All productivity advice will tell you that unscheduled interruptions are the enemy of Getting Things Done. A ringing phone, a WhatsApp notification, a knock on the door with someone (heaven forbid) wanting to actually talk to you in person…basically, anything that could interrupt your Pomodoro is to be avoided at all costs.

I bought into this for years. But now, I’m not so sure.

The downside of scheduling

Let’s say there are three conversations I need to have today. Because I follow good productivity principles, I batch two of them together: an hour at 11am, and an hour at 12pm. Another one I couldn’t batch because the other person already had something scheduled for that time, so it’s booked for 2pm.

At 10.45am I finish a task, but it doesn’t really seem worth starting another one because I know I have a call coming up soon.

At 11.40am my first meeting ends, and I’m left with 20 minutes before my next call so – again – it’s not worth getting too deeply into anything. Then just before midday, I get a message saying that we’ll need to start at 12.10pm because the other person is overrunning.

At 1.10pm we’ve overrun slightly but we’re done. Now I have 50 minutes before the next scheduled meeting, which is frustratingly not quite enough time to go for a run.

Between just three scheduled meetings, I’ve ended up losing 45 minutes of potential focus time — and been left with another block of time that I can’t use in the way I want to.

The unscheduled alternative

What if, instead, I said to each of these three people: “just call me when you’re free”. I could also give some kind of steer like “early afternoon is probably best”.

The advantages might be:

  • Clearly, I don’t end up with annoying bits of time waiting for calls to start – saving me 45 minutes
  • The other person might also save the equivalent amount of time on their side
  • The conversations will probably be quicker than they would be if we both knew we had an hour set aside for them, saving yet more time. (The phenomenon of calls expanding to fill the time blocked off in the calendar is real.)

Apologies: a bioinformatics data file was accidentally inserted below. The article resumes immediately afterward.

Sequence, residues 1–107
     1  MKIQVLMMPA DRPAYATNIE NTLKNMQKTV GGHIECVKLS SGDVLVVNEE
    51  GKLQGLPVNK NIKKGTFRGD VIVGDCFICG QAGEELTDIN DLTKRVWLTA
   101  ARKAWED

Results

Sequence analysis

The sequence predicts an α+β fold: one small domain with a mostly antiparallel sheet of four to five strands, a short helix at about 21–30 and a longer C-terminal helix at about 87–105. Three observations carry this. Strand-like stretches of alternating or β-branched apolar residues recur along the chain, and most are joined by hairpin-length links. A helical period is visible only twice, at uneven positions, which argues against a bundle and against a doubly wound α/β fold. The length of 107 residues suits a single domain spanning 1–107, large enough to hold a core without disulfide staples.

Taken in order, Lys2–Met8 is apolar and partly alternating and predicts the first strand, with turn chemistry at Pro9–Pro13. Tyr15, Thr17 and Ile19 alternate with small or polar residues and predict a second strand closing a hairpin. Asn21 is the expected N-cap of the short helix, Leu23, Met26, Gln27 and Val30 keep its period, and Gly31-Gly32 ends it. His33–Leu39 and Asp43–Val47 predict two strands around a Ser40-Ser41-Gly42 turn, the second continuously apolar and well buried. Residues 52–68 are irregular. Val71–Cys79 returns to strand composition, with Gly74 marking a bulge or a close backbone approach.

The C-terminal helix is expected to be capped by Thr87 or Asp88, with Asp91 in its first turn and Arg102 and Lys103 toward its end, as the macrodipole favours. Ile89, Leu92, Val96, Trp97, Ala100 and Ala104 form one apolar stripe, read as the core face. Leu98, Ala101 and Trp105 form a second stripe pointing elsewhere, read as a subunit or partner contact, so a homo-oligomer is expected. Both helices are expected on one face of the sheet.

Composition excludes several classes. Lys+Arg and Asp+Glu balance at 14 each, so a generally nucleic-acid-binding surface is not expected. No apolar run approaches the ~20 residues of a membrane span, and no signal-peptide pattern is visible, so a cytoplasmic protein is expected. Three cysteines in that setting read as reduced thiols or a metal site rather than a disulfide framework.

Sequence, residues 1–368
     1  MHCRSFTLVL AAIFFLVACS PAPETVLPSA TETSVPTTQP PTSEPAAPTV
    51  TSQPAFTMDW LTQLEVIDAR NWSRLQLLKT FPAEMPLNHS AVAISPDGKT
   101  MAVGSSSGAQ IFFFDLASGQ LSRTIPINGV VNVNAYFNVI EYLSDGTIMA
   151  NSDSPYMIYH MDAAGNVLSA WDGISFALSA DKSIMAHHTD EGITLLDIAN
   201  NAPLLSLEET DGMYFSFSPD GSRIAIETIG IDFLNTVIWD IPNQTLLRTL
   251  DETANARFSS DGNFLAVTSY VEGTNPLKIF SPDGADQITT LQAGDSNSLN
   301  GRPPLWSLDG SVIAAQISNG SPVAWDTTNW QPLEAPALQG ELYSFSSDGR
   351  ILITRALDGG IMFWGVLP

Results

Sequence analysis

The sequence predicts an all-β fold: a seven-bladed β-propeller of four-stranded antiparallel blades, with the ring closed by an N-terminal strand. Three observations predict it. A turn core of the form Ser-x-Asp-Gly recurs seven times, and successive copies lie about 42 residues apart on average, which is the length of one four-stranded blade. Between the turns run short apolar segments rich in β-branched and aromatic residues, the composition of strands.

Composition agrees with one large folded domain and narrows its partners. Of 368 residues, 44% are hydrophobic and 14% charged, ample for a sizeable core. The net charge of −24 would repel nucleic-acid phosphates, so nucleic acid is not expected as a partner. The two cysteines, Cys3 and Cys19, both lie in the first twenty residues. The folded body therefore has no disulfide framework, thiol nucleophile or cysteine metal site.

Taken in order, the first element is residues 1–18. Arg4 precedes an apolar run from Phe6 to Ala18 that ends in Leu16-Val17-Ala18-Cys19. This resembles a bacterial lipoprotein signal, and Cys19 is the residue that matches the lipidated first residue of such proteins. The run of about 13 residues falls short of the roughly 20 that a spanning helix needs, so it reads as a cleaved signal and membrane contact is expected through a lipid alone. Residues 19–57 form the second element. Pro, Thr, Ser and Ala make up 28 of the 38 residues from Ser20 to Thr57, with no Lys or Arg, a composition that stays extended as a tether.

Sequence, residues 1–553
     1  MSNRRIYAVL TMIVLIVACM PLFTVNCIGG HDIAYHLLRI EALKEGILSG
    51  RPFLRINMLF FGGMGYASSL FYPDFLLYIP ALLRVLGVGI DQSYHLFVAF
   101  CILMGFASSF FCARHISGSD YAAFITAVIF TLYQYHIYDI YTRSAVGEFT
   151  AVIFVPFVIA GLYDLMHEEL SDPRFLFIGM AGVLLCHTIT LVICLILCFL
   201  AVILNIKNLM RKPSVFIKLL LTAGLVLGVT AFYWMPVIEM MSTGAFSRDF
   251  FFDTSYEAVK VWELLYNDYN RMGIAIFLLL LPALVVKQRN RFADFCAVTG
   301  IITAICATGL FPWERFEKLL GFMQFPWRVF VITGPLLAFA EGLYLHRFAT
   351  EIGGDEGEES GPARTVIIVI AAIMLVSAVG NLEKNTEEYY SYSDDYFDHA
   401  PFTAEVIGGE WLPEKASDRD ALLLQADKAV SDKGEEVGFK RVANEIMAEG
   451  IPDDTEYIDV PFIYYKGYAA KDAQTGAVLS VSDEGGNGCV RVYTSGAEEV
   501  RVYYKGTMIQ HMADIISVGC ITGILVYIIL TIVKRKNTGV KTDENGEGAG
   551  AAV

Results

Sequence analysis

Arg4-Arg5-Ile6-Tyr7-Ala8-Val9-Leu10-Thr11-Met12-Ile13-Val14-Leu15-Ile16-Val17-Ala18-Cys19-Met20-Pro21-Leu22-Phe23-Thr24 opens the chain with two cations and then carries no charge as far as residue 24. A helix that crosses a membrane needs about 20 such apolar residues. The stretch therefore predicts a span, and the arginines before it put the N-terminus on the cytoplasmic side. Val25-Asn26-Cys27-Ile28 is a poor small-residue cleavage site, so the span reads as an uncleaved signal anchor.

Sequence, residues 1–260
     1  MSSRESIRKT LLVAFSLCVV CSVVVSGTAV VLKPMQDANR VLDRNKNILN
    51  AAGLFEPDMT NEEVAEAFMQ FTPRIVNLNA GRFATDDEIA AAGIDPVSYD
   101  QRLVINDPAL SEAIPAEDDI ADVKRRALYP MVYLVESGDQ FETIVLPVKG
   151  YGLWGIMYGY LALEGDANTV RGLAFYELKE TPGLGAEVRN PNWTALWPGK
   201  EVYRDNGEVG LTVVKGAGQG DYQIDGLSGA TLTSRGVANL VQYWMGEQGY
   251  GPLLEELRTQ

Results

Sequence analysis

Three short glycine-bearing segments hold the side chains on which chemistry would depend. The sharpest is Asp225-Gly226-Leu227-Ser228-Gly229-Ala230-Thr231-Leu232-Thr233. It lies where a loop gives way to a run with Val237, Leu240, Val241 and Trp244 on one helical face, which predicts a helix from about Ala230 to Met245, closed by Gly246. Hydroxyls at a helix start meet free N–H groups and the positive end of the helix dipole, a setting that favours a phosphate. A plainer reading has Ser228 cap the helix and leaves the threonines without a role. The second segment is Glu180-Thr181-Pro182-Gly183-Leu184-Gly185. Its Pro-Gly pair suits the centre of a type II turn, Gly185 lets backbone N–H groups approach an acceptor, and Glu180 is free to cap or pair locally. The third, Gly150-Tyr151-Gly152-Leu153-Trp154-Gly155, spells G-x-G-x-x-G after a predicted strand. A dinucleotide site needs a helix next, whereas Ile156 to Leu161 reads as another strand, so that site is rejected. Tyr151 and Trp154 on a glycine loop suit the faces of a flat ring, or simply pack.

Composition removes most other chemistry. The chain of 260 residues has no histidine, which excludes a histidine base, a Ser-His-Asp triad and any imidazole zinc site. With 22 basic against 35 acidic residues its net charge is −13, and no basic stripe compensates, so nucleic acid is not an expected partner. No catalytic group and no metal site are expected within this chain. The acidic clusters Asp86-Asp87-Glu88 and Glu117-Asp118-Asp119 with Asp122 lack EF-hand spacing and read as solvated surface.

• I have the flexibility to turn my phone off and focus, or go for a run, or do whatever else I want to do without having to watch the clock.

What about interruptions?

The argument against this approach is that the phone could ring just when I’m in the middle of a period of deep focus and on the verge of solving Hilbert’s eleventh problem (or even one of my own problems). Isn’t it better to have parts of the day when you know you can focus, and other parts when you know you’ll be collaborating with others?

The solution is simple: close yourself off from interruptions when you’re focusing on something. “Call me whenever you’re free” isn’t a promise to answer at any time: just silence your phone and turn off all notifications while you’re in the middle of something, then call back when you’re ready.

Two drawbacks of throwing out the schedule

My brave new unscheduled world has two disadvantages that I can’t get away from.

Firstly, the ping-pong effect: they call you, you don’t answer, you call back, they don’t answer…

It happens. It’s frustrating, and scheduling a time gets around it. But in my experience, volleys of more than two missed calls are rare – and frustrations of scheduled meetings (like starting late or the other person forgetting) are no less common.